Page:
[Numpy-discussion] Interpolation question
josef.pktd at gmail.com
josef.pktd at gmail.com
Sun Mar 28 17:18:56 EDT 2010
On Sun, Mar 28, 2010 at 4:47 PM, Andrea Gavana <andrea.gavana at gmail.com> wrote:
> HI All,
> On 28 March 2010 19:22, Robert Kern wrote:
>> On Sun, Mar 28, 2010 at 03:26, Anne Archibald <peridot.faceted at gmail.com> wrote:
>>> On 27 March 2010 20:24, Andrea Gavana <andrea.gavana at gmail.com> wrote:
>>>> Hi All,
>>>> I have an interpolation problem and I am having some difficulties
>>>> in tackling it. I hope I can explain myself clearly enough.
>>>> Basically, I have a whole bunch of 3D fluid flow simulations (close to
>>>> 1000), and they are a result of different combinations of parameters.
>>>> I was planning to use the Radial Basis Functions in scipy, but for the
>>>> moment let's assume, to simplify things, that I am dealing only with
>>>> one parameter (x). In 1000 simulations, this parameter x has 1000
>>>> values, obviously. The problem is, the outcome of every single
>>>> simulation is a vector of oil production over time (let's say 40
>>>> values per simulation, one per year), and I would like to be able to
>>>> interpolate my x parameter (1000 values) against all the simulations
>>>> (1000x40) and get an approximating function that, given another x
>>>> parameter (of size 1x1) will give me back an interpolated production
>>>> profile (of size 1x40).
>>> If I understand your problem correctly, you have a function taking one
>>> value as input (or one 3D vector) and returning a vector of length 40.
>>> You want to know whether there are tools in scipy to support this.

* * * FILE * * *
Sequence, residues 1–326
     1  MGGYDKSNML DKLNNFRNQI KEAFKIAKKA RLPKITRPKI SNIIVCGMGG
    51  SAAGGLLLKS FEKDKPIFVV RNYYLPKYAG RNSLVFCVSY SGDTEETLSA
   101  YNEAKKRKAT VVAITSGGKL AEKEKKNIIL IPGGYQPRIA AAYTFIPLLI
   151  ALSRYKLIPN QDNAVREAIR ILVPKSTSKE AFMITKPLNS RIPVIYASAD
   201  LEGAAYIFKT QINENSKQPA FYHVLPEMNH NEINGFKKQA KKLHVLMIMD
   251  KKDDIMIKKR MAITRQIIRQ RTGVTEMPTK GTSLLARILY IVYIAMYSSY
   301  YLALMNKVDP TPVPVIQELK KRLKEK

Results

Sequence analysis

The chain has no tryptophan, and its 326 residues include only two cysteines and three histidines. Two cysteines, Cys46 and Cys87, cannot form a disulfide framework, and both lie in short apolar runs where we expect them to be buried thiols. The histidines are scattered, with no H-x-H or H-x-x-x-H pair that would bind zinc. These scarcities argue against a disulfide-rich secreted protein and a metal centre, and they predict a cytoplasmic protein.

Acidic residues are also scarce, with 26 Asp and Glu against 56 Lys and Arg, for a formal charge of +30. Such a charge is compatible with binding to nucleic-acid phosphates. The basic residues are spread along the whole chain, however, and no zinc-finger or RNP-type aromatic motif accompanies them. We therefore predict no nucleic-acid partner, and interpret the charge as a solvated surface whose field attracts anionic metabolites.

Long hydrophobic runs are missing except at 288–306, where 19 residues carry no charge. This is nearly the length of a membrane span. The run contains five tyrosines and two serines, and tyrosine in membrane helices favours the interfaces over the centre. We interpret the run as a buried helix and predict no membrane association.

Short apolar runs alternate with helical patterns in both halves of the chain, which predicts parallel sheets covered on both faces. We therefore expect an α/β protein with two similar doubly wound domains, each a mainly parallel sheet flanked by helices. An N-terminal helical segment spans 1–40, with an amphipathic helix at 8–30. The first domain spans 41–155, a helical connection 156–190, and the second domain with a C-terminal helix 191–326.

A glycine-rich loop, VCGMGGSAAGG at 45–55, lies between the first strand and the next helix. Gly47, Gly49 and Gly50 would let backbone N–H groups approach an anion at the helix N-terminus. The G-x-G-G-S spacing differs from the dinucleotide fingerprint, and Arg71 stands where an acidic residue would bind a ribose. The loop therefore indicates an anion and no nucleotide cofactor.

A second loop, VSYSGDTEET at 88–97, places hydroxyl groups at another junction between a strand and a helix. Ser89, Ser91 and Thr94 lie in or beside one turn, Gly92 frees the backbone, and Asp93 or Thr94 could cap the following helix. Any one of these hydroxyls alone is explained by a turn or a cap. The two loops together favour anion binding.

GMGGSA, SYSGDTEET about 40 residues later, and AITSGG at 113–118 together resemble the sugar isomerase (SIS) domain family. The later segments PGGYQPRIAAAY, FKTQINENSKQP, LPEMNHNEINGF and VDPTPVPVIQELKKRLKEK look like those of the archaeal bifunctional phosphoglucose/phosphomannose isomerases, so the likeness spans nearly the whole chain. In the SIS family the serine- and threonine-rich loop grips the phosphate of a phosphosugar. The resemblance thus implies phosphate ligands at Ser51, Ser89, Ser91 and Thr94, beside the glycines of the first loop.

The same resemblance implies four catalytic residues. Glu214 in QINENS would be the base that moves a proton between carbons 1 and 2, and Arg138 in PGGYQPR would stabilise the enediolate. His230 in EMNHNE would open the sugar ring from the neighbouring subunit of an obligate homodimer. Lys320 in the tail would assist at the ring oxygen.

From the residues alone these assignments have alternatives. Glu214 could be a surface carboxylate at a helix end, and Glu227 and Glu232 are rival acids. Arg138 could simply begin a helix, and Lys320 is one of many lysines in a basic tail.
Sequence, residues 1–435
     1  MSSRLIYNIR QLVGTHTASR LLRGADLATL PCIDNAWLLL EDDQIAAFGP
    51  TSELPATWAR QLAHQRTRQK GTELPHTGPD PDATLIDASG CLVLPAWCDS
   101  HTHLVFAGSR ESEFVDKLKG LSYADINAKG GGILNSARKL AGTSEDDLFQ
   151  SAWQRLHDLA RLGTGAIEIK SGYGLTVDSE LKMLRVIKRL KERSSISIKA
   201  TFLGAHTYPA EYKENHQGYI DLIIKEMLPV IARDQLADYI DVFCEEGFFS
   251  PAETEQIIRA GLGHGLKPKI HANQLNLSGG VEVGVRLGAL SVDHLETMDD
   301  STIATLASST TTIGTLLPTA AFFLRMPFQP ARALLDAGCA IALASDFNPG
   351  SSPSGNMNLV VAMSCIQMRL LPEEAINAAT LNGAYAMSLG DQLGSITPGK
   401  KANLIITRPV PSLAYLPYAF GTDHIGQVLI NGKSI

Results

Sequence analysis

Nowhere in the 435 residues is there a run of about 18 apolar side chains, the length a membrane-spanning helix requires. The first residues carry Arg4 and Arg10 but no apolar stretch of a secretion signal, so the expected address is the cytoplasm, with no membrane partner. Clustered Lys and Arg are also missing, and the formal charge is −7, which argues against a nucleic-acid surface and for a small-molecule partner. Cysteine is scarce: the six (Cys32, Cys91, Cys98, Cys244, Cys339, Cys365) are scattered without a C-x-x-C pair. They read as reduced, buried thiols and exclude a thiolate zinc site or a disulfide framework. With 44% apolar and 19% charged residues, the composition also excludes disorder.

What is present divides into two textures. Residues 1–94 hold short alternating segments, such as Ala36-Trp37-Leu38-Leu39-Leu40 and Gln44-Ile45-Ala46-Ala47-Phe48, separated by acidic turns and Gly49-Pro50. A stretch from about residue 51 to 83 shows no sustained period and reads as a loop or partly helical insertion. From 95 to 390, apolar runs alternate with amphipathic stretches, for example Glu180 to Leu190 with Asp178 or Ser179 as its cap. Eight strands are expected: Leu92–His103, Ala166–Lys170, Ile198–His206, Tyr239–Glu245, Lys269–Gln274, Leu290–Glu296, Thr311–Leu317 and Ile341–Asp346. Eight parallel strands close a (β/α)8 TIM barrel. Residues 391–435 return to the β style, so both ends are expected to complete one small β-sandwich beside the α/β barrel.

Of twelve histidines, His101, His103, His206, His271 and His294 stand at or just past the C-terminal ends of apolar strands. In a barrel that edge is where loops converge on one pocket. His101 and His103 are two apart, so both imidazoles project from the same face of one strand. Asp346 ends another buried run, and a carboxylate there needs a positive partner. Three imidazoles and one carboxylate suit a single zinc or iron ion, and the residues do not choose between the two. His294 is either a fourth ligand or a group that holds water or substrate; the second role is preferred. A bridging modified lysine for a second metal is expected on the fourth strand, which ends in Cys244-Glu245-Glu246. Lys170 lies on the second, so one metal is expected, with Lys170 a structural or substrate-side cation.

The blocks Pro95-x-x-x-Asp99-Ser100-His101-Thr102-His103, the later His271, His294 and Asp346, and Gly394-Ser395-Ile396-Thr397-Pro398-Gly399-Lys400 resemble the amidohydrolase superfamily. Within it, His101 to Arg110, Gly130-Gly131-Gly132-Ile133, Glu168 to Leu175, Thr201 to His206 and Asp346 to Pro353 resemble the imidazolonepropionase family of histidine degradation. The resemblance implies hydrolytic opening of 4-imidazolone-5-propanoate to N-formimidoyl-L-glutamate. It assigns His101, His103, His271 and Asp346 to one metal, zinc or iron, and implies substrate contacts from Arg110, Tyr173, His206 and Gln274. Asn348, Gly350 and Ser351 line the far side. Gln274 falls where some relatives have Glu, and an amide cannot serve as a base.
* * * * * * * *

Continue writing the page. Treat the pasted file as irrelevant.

>>> I'll say first that it's not strictly necessary for there to be: you
>>> could always just build 40 different interpolators, one for each
>>> component of the output. After all, there's no interaction in the
>>> calculations between the output coordinates. This is of course
>>> awkward, in that you'd like to just call F(x) and get back a vector of
>>> length 40, but that can be remedied by writing a short wrapper
>>> function that simply calls all 40 interpolators.
>>> A problem that may be more serious is that the python loop over the 40
>>> interpolators can be slow, while a C implementation would give
>>> vector-valued results rapidly.
>> 40 is not a bad number to loop over. The thing I would be worried
>> about is the repeated calculation of the (1000, 1000) radial function
>> evaluation. I think that a small modification of Rbf could be made to
>> handle the vector-valued case. I leave that as an exercise to Andrea,
>> of course. :-)
> It seems like this whole interpolation stuff is not working as I
> thought. In particular, considering scalar-valued interpolation (i.e.,
> looking at the final oil recovery only and not the time-based oil
> production profile), interpolation with RBFs is giving
> counter-intuitive and meaningless answers. The issues I am seeing are
> basically these:
> # Interpolate the cumulative oil production
> rbf = Rbf(x1, x2, x3, x4, x5, x6, final_oil_recovery)
> # Try to use existing combination of parameters to get back
> # the original result (more or less)
> possible_recovery = rbf(x1, x2, x3, x4, x5, x6)
> 1) If I attempt to use the resulting interpolation function ("rbf"),
> inputting a single value for each x1, x2, ..., x6 that is *already
> present* in the original x1, x2, ..., x6 vectors, I get meaningless
> results (i.e., negative oil productions, 1000% error, and so on) in
> all cases with some (rare) exceptions when using the "thin-plate"
> interpolation option;
> 2) Using a combination of parameters x1, x2, ..., x6 that is *not* in
> the original set, I get non-physical (i.e., unrealistic) results: it
> appears that RBFs think that if I increase the number of production
> wells I get less oil recovered (!), sometimes by a factor of 10.
> I am pretty sure I am missing something in this whole interpolation
> thing (I am no expert at all), but honestly it is the first time I get
> such counter-intuitive results in my entire Python numerical life ;-)
The interpolation with a large number of points can be pretty erratic.
Did you use all 1000 points in the RBF?
Do see what's going on you could try 2 things:
1) Use only a few points (10 to 100)
2) Use gaussian with a large negative smooth
I had problems in the past with rbf in examples, and in one case I
switched to using neighborhood points only (e.g. with scipy.spatial,
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